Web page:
jlai
09-16-2010, 12:37 AM
But they did pay for all four years of college for my brothers and sister. They had the means to do that. I would hope that if my parents didn't have those means, my sibs would have worked to pay their college degree themselves.

My parents paid for my college. They lived very cheaply and paid through the nose for my school. I wasn't proud of it but I was a foreign student at that time and I couldn't work off campus or qualify for US government aid. That had a real impact on me and I felt kinda depressed about myself throughout college.

After I graduated and got a job I supported my parents in return.

attyfan
09-16-2010, 12:42 AM
I think this is the problem: parents don't have money because they're not saving for it.
...


IMO, this is an older problem than many think. Fifty years ago, for example, my dad (who worked in the aerospace industry) was banking his overtime so he could send my sister, my brother and myself all to college -- and we weren't even in kindergarten at the time. Many of his friends thought he was crazy ... especially for planning to send his daughters to college ... and they didn't save anywhere near as much. When I reached college age, the market had dropped out of aerospace, but the money was there for us. Many of dad's friends were not able to help their kids (sons as well as daughters) because they hadn't saved enough.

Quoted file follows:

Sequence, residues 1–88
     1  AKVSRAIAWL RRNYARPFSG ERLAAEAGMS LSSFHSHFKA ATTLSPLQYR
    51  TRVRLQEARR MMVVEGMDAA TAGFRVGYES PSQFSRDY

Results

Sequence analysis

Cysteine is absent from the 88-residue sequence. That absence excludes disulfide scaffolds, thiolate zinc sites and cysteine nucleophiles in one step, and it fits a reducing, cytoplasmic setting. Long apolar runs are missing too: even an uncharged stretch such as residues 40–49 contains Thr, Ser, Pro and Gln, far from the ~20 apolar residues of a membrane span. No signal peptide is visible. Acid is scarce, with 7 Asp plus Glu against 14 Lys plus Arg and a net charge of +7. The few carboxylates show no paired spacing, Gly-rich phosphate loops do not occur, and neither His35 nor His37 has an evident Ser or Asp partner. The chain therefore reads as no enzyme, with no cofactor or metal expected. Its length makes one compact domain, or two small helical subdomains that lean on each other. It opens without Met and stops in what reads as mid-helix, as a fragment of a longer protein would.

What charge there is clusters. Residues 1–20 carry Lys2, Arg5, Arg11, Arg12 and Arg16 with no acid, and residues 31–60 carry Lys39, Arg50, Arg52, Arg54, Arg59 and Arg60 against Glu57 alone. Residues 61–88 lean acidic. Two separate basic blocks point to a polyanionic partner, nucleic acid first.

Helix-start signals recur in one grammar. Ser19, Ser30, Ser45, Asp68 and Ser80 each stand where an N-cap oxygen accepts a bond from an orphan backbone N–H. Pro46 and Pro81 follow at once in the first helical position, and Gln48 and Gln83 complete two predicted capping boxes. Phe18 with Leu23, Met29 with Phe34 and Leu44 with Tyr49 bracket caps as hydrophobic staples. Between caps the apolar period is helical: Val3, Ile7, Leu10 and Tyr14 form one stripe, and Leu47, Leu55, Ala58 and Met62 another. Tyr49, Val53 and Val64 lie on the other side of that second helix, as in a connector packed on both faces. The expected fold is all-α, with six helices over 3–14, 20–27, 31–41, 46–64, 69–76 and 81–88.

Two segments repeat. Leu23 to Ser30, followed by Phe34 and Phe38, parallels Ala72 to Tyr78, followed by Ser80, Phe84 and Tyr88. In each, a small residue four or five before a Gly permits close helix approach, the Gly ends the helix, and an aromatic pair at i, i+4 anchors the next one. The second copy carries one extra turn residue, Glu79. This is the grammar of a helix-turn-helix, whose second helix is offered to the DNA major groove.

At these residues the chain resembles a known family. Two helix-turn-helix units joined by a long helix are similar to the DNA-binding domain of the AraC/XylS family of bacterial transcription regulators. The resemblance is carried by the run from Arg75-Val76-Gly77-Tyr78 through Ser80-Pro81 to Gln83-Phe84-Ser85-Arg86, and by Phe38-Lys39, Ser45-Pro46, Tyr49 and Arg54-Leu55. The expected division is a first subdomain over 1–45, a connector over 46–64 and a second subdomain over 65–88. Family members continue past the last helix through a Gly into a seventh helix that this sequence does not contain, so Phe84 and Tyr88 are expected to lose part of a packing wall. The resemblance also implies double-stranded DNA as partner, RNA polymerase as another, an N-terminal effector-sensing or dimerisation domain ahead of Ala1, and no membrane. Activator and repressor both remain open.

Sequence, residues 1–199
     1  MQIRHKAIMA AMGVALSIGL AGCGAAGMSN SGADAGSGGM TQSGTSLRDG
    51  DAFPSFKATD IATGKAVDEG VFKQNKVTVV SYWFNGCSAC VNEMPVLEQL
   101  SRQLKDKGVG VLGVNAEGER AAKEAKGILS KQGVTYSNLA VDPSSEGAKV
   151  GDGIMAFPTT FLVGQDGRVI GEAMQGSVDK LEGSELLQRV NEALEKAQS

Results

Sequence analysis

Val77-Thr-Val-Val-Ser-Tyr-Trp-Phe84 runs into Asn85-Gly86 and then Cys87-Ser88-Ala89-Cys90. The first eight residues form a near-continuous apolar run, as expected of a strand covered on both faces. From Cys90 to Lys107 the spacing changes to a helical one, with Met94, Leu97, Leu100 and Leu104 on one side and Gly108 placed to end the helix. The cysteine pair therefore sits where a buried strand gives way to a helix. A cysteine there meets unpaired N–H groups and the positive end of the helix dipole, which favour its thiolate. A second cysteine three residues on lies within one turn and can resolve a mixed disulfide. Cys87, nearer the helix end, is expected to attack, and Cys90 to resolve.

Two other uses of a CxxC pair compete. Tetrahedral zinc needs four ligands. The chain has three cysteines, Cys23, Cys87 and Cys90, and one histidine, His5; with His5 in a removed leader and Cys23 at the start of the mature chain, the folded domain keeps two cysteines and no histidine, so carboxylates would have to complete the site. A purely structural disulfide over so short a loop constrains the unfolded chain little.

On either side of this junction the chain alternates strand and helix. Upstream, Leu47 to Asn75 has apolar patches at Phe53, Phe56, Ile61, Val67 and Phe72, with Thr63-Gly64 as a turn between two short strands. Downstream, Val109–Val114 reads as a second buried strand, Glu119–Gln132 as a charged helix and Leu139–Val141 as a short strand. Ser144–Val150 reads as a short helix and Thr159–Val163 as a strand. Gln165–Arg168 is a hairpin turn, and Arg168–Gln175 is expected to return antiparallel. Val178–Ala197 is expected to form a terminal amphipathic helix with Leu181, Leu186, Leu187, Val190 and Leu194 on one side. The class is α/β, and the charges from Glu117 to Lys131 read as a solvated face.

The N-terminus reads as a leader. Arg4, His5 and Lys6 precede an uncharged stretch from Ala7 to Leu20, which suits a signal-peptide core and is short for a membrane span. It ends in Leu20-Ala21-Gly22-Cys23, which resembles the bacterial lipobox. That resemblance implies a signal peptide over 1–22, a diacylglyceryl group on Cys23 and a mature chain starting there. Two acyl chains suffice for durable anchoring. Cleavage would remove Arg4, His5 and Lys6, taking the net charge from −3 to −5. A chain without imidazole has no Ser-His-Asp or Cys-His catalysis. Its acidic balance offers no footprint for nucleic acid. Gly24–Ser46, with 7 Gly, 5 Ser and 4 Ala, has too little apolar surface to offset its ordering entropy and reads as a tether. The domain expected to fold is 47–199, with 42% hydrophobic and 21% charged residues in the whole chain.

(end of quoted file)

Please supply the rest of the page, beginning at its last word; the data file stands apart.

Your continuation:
mpal2
09-16-2010, 12:51 AM
So you think the only students who should get financial aid are ones who are shouldering their entire education responsibility themselves?


So you were one of the students taking financial aid while receiving family support?

Not trying to be snarky, just trying to understand where you're coming from.


I think mpal was saying that for those who aren't getting parental help, it is too difficult to get adequate aid because the system assumes parental help and determines aid based on the parents' financial status. They end up with tons of loans, too often. I don't think the point was that those getting parental help should not qualify for any assistance.

:) PDilemma explained it. That's exactly what I meant.

Just a further explanation to my original comment: my parents always assumed they would help for college just because it was so important to them that we go. They were both the 1st in their families to get college degrees. They did it on their own without help and they really wanted us to have an easier experience. College was always the expectation. My sister dropped out halfway through and she got a lot of crap from my parents until she went back. They did save up for it because it was always their goal for us. By the time we were old enough for college there was enough to get us mostly through an undergrad degree. We had to take out financial aid at the end.

Another reason why I needed my parents help is that I didn't have a car for the 1st 3 years of college. My summer earnings didn't go to a car because that was my spending money for the entire school year (books, food, entertainment, etc). Maintaining my GPA for the scholarship money was worth more than I could make at an on-campus job so I did a lot of studying in place of working.

I didn't start taking out financial aid loans until my senior year and grad school. I had a car and a job then so I stopped getting money from my parents for school. It really annoyed me that the financial aid system assumed parents helped students and based it on their income. I just don't see where that's necessarily in the best interest of the student.